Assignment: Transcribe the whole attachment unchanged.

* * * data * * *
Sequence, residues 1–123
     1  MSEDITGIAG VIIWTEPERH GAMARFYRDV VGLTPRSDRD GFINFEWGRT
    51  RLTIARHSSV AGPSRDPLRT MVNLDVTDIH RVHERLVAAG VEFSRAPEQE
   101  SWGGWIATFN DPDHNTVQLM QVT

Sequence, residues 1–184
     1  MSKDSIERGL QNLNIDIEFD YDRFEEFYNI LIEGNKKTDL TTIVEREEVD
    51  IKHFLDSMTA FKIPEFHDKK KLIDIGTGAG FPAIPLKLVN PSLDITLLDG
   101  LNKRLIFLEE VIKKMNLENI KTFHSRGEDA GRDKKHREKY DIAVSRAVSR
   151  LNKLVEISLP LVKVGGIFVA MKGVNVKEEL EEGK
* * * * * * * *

Sequence, residues 1–123
     1  MSEDITGIAG VIIWTEPERH GAMARFYRDV VGLTPRSDRD GFINFEWGRT
    51  RLTIARHSSV AGPSRDPLRT MVNLDVTDIH RVHERLVAAG VEFSRAPEQE
   101  SWGGWIATFN DPDHNTVQLM QVT

Sequence, residues 1–184
     1  MSKDSIERGL QNLNIDIEFD YDRFEEFYNI LIEGNKKTDL TTIVEREEVD
    51  IKHFLDSMTA FKIPEFHDKK KLIDIGTGAG FPAIPLKLVN PSLDITLLDG
   101  LNKRLIFLEE VIKKMNLENI KTFHSRGEDA GRDKKHREKY DIAVSRAVSR
   151  LNKLVEISLP LVKVGGIFVA MKGVNVKEEL EEGK